As the weeks have flown by in the Premier League, the certitude that Manchester City will not be making it three title wins on the bounce grows and grows.
The crushing inevitability of Liverpool's wins, when viewed through the prism of performances that aren't even that great week on week, means any lingering hope has now assumed a forlorn quality.
Not since his first season in England has Pep Guardiola failed to win the Premier League and, harsh as it may seem, there is an air of failure – but only in the sense of underachievement – hanging about the place at the Etihad.
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The one avenue where relief remains possible is in the Champions League, a competition Guardiola has not conquered since 2011; it is also the one that, at this time, Manchester City need to win. It really is the only way to remedy a season of atrophy.
As such, it makes sense for City to begin to turn their attentions in that direction. It might offend the fiercely competitive nature of their manager, especially while the league remains a mathematical possibility. However, even a purist like him must embrace the prudence of pragmatism, even if that means losing the battle in order to win the war.
While there has frequently been disappointment in Europe for the Citizens, their quality, as well as the transcendence of their football, has never been in doubt. What has come into question is their ability to course-correct in the face of set-backs, to have something for when the plan doesn't seem to be working.
Considering that, it is certainly fortuitous, and also more than a little bit apt, that City's stand-out player so far in the Champions League this term has been Riyad Mahrez.
No player has made more assists in the competition (four) than the Algeria international, who has carried on the momentum of victory at the Africa Cup of Nations, and is quietly asserting his importance to the City cause.
It was not always like this, of course. It was his star turn at the end of last season, when he scored and assisted to dispatch Brighton on the final day, that seemed to signpost his transition from an expensive spare wheel to a true cog.
Since then, he has begun to earn more and more trust from Guardiola, especially on midweek nights. Sure, the group was ultimately not the toughest possible City could have faced, but as the wild variance that has come to characterize the knockout stage Champions League in recent times comes into play, the value of a player in Mahrez's mould will become apparent.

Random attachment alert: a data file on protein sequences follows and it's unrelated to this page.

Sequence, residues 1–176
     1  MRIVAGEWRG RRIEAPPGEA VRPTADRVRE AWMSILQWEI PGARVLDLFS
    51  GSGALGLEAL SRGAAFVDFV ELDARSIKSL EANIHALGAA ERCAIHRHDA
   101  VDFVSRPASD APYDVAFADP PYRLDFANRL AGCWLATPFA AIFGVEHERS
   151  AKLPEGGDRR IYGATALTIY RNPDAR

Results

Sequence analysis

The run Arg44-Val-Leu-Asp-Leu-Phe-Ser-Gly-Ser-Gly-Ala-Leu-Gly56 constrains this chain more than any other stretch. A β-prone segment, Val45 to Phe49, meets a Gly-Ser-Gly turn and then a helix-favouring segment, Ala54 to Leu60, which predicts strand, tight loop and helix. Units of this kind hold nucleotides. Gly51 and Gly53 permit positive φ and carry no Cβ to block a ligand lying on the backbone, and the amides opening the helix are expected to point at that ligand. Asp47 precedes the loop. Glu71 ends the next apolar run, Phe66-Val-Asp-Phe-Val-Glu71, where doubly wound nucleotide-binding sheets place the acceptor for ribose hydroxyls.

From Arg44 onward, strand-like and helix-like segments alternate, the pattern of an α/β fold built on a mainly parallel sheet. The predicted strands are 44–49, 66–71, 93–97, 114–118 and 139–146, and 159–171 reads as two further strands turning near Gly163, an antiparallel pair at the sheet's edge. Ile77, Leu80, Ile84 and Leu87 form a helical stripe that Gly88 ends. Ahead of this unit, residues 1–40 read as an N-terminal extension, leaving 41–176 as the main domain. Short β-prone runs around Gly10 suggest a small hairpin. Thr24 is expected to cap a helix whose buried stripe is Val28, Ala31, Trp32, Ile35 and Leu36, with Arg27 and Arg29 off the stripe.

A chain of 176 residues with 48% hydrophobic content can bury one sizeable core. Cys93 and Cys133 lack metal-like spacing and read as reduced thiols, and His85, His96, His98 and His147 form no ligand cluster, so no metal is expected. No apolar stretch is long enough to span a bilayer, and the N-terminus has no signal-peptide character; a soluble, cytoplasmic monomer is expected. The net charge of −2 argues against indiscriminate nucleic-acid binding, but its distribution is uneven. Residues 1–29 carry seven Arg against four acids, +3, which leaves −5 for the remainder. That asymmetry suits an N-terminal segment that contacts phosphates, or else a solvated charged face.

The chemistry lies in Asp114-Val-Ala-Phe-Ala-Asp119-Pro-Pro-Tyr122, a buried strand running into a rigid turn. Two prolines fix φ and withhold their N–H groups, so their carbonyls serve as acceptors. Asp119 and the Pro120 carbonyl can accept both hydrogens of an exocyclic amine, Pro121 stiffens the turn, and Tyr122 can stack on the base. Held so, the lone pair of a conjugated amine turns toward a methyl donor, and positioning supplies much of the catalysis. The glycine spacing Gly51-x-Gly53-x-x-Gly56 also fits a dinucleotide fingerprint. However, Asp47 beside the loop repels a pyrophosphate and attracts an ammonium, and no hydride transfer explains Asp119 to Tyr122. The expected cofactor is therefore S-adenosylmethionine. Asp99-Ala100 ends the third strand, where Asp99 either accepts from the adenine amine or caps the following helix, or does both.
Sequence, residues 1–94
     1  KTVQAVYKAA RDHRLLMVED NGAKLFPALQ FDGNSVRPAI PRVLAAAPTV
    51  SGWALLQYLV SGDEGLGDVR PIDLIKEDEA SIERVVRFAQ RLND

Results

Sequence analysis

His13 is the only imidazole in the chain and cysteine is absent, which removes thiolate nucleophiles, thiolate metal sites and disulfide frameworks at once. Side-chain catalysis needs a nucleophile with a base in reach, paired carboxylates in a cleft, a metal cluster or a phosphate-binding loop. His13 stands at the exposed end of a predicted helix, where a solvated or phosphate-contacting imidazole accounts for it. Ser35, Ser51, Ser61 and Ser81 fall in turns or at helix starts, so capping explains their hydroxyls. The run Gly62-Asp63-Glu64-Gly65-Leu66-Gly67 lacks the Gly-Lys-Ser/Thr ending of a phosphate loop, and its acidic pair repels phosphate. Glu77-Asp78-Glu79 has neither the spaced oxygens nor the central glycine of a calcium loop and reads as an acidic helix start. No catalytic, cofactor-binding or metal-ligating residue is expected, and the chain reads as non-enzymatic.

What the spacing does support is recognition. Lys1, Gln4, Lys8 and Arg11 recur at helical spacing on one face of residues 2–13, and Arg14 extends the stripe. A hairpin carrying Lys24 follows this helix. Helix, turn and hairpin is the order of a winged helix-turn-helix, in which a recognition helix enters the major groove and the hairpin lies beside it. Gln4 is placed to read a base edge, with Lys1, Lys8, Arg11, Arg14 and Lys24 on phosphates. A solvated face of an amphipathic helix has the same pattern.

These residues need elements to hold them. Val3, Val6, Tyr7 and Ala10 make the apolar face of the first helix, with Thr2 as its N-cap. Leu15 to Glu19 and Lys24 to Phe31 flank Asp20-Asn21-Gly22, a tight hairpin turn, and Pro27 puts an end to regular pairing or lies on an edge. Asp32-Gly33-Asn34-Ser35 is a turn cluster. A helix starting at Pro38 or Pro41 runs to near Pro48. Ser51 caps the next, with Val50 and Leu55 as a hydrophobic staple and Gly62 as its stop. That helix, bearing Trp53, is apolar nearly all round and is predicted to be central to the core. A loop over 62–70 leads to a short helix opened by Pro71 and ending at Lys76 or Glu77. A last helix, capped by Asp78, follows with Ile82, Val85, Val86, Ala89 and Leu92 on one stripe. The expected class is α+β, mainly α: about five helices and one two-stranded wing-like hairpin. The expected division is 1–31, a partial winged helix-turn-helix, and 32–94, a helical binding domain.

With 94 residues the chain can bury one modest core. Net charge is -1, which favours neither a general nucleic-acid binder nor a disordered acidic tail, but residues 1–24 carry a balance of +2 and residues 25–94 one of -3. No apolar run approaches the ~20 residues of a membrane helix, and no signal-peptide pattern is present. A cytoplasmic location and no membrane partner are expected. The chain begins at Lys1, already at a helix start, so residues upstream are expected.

The very anarchic nature of his play that means he has not been involved quite as often as he would like is arguably the club's biggest weapon in ties when their structured positional play begins to crack under pressure, and fissures appear in a system that had seemed watertight.
It is in situations like these that Guardiola must acknowledge his eternal quest for control is self-defeating, and that he must lean into Mahrez's ability to break free and play extempore, as it were.
Players in this mould are, in a way, the key difference between Liverpool and City: whereas the Reds have been able to leverage the strengths of their individuals even when the collective is not in perfect harmony, the Citizens seem to want (or need) to be in tune every single time in order to win.
That is why Jurgen Klopp's side are streets ahead in the league, and look to be favourites once again in Europe—they have mastered both approaches.
It will be interesting to see if Pep is humble and flexible enough to go against his own nature and fully incorporate Mahrez. Not so much build around him (that would be a bridge too far), but let him be the whirling dervish of menace he can be when let off the leash.
Certainly, it is the sort of responsibility with which the 28-year-old thrives, and the sort he would have been afforded had he gotten the chance to move to Arsenal back in 2016.
Waiting two years to make the next step in his career was frustrating enough, but since joining City it is difficult to imagine Mahrez has been satisfied with being a part of the furniture at a very successful club, rather than the centre-piece he would have been with the Gunners.
It's an interesting little subplot as City go to the Emirates on Sunday; it is a game the incumbent Premier League champions should win, but then again, that could have been said for all of the games in which they have dropped points this term.
Against a side he almost joined, starting Mahrez would give him a point to prove, and would stave off the miniscule possibility of an upset. Even more crucially, it would signify a willingness on Guardiola's part to finally buy into the Algerian's stock ahead of a second half of the season that grows in importance by the matchday.